Mutations in feline immunodeficiency (FIV) virus envelope gene V3-V5 regions in FIV-infected cats.Vet Microbiol. 2005 Mar 20; 106(1-2):33-40.VM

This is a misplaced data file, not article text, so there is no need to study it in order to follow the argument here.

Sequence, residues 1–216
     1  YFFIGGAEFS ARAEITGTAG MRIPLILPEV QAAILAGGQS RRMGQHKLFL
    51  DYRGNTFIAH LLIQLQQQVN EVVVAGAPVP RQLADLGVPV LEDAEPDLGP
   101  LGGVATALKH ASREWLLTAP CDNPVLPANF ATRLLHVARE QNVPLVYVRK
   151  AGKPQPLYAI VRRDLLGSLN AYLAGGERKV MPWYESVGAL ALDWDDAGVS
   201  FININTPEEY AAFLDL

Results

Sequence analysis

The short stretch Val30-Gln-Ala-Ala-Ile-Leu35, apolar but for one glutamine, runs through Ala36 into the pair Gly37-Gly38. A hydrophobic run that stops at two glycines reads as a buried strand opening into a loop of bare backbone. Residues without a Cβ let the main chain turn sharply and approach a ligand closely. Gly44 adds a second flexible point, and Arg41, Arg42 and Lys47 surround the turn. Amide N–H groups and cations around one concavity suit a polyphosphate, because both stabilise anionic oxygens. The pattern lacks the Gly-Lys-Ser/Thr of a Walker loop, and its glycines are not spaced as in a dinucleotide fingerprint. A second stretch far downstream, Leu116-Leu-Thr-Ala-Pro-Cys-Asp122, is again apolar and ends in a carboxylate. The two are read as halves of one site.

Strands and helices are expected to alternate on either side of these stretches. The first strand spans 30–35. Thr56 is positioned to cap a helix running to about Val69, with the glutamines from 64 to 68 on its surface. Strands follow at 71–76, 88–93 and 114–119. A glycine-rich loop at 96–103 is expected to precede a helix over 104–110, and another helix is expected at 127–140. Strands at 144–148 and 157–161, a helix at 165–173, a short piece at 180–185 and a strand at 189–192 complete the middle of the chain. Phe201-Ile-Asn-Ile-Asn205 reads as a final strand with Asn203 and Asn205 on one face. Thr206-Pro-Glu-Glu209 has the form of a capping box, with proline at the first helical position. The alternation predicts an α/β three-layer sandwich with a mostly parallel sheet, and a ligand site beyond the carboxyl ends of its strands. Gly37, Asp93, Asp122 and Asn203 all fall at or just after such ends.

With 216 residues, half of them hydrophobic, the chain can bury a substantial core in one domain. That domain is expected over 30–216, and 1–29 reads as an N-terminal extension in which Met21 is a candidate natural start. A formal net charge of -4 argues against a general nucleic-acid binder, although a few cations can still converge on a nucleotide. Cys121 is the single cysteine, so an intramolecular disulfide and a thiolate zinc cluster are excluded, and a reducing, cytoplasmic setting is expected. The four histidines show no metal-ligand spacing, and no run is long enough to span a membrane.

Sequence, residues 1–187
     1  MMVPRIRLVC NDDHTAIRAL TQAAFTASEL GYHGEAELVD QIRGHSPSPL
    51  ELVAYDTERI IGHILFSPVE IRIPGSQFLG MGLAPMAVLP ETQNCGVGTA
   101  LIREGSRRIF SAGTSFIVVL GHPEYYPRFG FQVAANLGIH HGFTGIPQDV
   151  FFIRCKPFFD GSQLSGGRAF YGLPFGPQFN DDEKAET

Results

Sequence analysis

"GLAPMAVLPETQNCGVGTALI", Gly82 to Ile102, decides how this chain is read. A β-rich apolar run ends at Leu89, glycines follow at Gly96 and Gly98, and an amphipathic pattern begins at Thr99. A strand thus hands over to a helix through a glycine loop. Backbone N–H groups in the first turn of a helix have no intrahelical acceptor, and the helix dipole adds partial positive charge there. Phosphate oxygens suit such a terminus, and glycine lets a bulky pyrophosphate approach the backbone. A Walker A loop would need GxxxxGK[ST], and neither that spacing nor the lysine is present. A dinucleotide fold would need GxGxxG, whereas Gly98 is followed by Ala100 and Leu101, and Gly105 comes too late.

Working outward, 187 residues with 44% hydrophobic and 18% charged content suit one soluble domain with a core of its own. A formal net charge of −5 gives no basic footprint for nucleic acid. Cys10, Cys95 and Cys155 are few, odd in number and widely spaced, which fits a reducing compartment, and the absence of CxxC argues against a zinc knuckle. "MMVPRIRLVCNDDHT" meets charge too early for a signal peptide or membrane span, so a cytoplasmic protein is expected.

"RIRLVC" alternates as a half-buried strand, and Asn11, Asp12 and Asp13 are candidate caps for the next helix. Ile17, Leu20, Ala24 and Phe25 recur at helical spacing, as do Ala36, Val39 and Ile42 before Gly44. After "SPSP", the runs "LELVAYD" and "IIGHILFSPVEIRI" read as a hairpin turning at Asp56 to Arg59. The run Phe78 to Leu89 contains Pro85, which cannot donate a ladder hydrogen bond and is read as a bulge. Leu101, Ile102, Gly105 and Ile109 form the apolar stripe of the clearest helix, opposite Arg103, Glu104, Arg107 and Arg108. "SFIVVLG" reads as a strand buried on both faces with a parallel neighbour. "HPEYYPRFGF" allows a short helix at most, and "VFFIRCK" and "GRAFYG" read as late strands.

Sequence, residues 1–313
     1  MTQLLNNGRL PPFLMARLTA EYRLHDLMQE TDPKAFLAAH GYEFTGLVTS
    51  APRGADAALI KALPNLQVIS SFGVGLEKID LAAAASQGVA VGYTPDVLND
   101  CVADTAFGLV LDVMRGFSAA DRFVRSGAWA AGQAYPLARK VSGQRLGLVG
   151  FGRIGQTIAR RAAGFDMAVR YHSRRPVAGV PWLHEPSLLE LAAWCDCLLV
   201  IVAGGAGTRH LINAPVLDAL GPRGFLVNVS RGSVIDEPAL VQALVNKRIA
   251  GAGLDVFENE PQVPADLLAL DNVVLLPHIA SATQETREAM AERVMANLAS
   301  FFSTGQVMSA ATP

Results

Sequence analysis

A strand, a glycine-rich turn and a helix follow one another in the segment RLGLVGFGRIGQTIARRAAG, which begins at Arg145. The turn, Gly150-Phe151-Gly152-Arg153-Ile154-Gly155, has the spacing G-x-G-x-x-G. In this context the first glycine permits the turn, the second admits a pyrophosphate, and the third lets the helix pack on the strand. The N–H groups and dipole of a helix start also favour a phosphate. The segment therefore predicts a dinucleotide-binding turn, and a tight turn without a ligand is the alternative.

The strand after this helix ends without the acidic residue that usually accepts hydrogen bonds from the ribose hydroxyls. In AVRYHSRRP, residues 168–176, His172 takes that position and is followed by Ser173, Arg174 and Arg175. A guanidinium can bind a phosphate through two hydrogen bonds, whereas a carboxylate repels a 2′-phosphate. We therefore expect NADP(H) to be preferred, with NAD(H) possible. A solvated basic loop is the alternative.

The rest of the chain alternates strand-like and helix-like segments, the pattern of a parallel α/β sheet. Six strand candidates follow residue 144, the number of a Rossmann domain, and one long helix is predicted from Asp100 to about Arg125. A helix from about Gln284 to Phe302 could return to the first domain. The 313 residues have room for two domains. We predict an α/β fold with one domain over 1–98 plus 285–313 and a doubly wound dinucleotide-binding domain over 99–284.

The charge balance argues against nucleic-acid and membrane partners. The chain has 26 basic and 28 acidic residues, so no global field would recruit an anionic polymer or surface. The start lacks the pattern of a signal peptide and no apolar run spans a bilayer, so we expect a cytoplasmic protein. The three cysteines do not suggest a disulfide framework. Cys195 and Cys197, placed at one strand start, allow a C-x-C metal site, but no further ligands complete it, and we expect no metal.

The envelope (Env) gene V3-V5 regions of the feline immunodeficiency virus (FIV) encode the neutralizing epitopes. Since mutations in these regions induce resistance to viral neutralizing antibodies, they may influence the effects of vaccines. To examine the in vivo mutation rate in these regions, we cloned cDNA for the Env gene V3-V5 regions from the PBMC of experimentally FIV-infected cats, and compared the deduced amino acid sequences. Blood or plasma from an FIV Shizuoka strain-infected cat was inoculated into a second group of SPF cats, and their blood or plasma was inoculated into the third group. The amino acid sequence encoded by the viral gene of the first cat was compared with those encoded by the viral genes of a total of eight cats in the second and third groups (two and six cats, respectively). The amino acid sequences in two cats in the second and third groups were 100% homologous and in one cat in the third group was 98.3% homologous to that in the first infected cat. Five cats had the same sequence, which was 97.8% homologous to that in the first infected cat. Three kittens, born 2 months after the inoculation of the FIV Aomori-2 strain into the mother cat, were anti-FIV negative at 4 weeks after birth, but became seropositive at 33 weeks after birth, confirming FIV infection. Comparison of the encoded amino acid sequences of the viral gene in two cats at 48 weeks after birth showed 100% homology to that of the virus inoculated into the mother cat, and the remaining one cat had a single residue substitution, resulting in 99.4% homology. These results suggest that the FIV Env gene V3-V5 regions are stably maintained for at least 1-2 years after infection.